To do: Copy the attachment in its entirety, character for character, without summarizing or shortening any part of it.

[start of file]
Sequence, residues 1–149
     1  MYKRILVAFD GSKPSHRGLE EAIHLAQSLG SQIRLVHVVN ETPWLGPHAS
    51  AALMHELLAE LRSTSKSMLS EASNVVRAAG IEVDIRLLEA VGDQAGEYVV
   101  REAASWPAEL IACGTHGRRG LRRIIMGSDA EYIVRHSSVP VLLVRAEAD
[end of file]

Sequence, residues 1–149
     1  MYKRILVAFD GSKPSHRGLE EAIHLAQSLG SQIRLVHVVN ETPWLGPHAS
    51  AALMHELLAE LRSTSKSMLS EASNVVRAAG IEVDIRLLEA VGDQAGEYVV
   101  REAASWPAEL IACGTHGRRG LRRIIMGSDA EYIVRHSSVP VLLVRAEAD